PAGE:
Local Natives Bring Their ‘Sunlit Youth’ to Day 1 for Kalamazoo’s Audiotree Music Festival

Taylor Rice of Local Natives

Local Natives illuminated Kalamazoo with their shimmering, vibrant indie rock during a powerful 80-minute closing set at Saturday’s Audiotree Music Festival.

The Los Angeles indie rock quintet headlined day one of the two-day music festival at Arcadia Creek Festival Place and played tracks from their three critically-acclaimed albums, “Gorilla Manor,” “Hummingbird” and “Sunlit Youth.”

Founded in 2013, the Chicago-based, Michigan-born Audiotree Music Festival celebrates new and emerging artists and is curated by the popular web music series Audiotree Live.

Local Natives’ Taylor Rice (vocals and guitar) energetically jumped into the crowd and surfed with excited festivalgoers during the band’s captivating “Sun Hands” encore.

“This is the last song of the year for us, and the last song of the night for you guys, so give us everything you’ve got, all right,” Rice said.

Bandmate Kelcey Ayer (vocals, keyboards, percussion and guitar) praised Audiotree for a memorable festival and briefed attendees on the group’s current plans.

“This is super, super fun for us, this is our very last show for the entire year,” Ayer said. “We’re glad to fly here and have it with you guys, and we want to say thank you to Audiotree for bringing us out to this beautiful place. We are working on a new record, that’s all we’ve been doing for this whole year.”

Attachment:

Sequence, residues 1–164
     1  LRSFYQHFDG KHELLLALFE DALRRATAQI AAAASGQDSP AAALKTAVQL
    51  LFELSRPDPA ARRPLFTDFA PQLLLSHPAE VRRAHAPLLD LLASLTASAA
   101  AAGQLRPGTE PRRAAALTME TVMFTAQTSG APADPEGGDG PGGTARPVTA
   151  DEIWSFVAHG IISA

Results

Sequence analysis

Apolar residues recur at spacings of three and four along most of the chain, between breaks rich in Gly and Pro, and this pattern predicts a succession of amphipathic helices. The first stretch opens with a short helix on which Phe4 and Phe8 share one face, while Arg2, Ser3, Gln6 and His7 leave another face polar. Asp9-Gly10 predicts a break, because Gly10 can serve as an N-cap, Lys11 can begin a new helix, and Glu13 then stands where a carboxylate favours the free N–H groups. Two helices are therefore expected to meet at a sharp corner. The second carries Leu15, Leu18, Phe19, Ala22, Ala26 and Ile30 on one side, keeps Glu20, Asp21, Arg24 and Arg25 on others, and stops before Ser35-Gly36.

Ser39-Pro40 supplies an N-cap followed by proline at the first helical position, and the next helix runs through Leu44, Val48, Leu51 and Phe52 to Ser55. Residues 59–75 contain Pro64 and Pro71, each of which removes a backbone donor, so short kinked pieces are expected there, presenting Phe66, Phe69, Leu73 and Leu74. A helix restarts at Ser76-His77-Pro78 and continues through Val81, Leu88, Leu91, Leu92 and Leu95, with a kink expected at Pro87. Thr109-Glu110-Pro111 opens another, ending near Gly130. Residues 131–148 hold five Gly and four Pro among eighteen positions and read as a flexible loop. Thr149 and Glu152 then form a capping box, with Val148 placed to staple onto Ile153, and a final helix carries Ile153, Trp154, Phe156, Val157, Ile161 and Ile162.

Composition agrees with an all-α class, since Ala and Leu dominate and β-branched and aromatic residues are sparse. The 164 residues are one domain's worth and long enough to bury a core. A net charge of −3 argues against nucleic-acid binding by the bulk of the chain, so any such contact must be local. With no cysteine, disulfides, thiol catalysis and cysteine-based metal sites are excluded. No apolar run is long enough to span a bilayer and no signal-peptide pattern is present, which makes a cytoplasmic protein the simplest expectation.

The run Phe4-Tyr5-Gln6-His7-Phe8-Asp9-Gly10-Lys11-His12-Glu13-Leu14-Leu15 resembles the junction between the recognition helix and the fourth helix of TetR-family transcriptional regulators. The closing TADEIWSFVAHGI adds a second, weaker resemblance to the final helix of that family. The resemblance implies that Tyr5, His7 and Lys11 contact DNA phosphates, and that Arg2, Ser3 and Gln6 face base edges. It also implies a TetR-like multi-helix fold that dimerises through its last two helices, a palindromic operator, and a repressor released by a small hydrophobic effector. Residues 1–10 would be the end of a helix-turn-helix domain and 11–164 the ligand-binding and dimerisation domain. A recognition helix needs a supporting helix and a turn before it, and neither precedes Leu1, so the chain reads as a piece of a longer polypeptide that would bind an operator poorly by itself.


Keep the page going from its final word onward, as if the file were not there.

Local Natives also debuted a catchy new song, “When Am I Gonna Lose You,” with a Fleetwood Mac-inspired bassline as a promising preview of new material to come.

Audiotree festivalgoers also caught an eclectic mix of emerging music throughout the day with thrilling sets from The Regrettes, Stuyedeyed, Basement, NE-HI, Maybe April, Michigander, Melkbelly, Miranda Winters, McKinley Dixon, V.V. Lightbody, Diet Cig, Flaural and Moss Jaw.

It was an intense mixture of pop, punk, rock, country, folk and hip-hop rolled into one live gigantic playlist suitable for a bright early fall day. Festivalgoers quickly trekked back and forth between the Main and WIDR Discovery Stages to soak up every bit of the day’s music.

Houston psychedelic funk trio Khruangbin surprised festivalgoers during groovy 60-minute set filled with sensual instrumental jams inspired by music from the Middle East. The band’s unique moniker, which means “flying engine” in Thai, thwarted attendees as they tried to guess the pronunciation of it.

Despite their challenging name, Khruangbin’s Laura Lee (bass) swaggered to the mystical rhythms as the band dazzled the crowd and prepared them for Local Natives’ brilliant set.

That swagger left a memorable impression on festivalgoers as they grooved the night away and anticipated the incredible music Audiotree has planted for day two.

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